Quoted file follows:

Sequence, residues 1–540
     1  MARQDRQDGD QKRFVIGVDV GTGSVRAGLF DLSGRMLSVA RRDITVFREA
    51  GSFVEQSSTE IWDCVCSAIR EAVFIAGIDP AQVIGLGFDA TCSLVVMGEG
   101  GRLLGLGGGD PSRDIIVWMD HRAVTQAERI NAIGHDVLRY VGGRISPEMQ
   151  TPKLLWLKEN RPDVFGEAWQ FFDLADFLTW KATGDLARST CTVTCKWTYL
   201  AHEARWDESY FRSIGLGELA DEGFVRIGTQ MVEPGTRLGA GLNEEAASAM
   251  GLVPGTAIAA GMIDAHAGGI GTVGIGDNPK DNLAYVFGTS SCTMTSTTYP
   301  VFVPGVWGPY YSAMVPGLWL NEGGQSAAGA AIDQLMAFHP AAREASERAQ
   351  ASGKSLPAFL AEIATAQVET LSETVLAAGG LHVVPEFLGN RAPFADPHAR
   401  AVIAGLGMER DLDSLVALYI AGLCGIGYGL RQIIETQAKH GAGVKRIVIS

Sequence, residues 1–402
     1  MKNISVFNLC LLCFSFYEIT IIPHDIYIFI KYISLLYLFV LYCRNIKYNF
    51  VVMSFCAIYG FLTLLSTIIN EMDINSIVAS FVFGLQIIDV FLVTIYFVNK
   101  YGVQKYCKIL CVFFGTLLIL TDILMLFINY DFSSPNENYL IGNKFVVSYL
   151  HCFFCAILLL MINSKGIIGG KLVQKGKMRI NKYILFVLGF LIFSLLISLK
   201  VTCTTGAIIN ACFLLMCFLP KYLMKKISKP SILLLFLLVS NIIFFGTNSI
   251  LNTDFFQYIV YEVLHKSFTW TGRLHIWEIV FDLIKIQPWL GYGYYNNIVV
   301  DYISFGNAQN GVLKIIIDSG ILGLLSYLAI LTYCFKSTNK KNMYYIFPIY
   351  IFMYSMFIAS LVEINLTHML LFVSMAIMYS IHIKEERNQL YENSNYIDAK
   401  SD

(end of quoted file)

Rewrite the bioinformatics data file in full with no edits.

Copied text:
Sequence, residues 1–540
     1  MARQDRQDGD QKRFVIGVDV GTGSVRAGLF DLSGRMLSVA RRDITVFREA
    51  GSFVEQSSTE IWDCVCSAIR EAVFIAGIDP AQVIGLGFDA TCSLVVMGEG
   101  GRLLGLGGGD PSRDIIVWMD HRAVTQAERI NAIGHDVLRY VGGRISPEMQ
   151  TPKLLWLKEN RPDVFGEAWQ FFDLADFLTW KATGDLARST CTVTCKWTYL
   201  AHEARWDESY FRSIGLGELA DEGFVRIGTQ MVEPGTRLGA GLNEEAASAM
   251  GLVPGTAIAA GMIDAHAGGI GTVGIGDNPK DNLAYVFGTS SCTMTSTTYP
   301  VFVPGVWGPY YSAMVPGLWL NEGGQSAAGA AIDQLMAFHP AAREASERAQ
   351  ASGKSLPAFL AEIATAQVET LSETVLAAGG LHVVPEFLGN RAPFADPHAR
   401  AVIAGLGMER DLDSLVALYI AGLCGIGYGL RQIIETQAKH GAGVKRIVIS

Sequence, residues 1–402
     1  MKNISVFNLC LLCFSFYEIT IIPHDIYIFI KYISLLYLFV LYCRNIKYNF
    51  VVMSFCAIYG FLTLLSTIIN EMDINSIVAS FVFGLQIIDV FLVTIYFVNK
   101  YGVQKYCKIL CVFFGTLLIL TDILMLFINY DFSSPNENYL IGNKFVVSYL
   151  HCFFCAILLL MINSKGIIGG KLVQKGKMRI NKYILFVLGF LIFSLLISLK
   201  VTCTTGAIIN ACFLLMCFLP KYLMKKISKP SILLLFLLVS NIIFFGTNSI
   251  LNTDFFQYIV YEVLHKSFTW TGRLHIWEIV FDLIKIQPWL GYGYYNNIVV
   301  DYISFGNAQN GVLKIIIDSG ILGLLSYLAI LTYCFKSTNK KNMYYIFPIY
   351  IFMYSMFIAS LVEINLTHML LFVSMAIMYS IHIKEERNQL YENSNYIDAK
   401  SD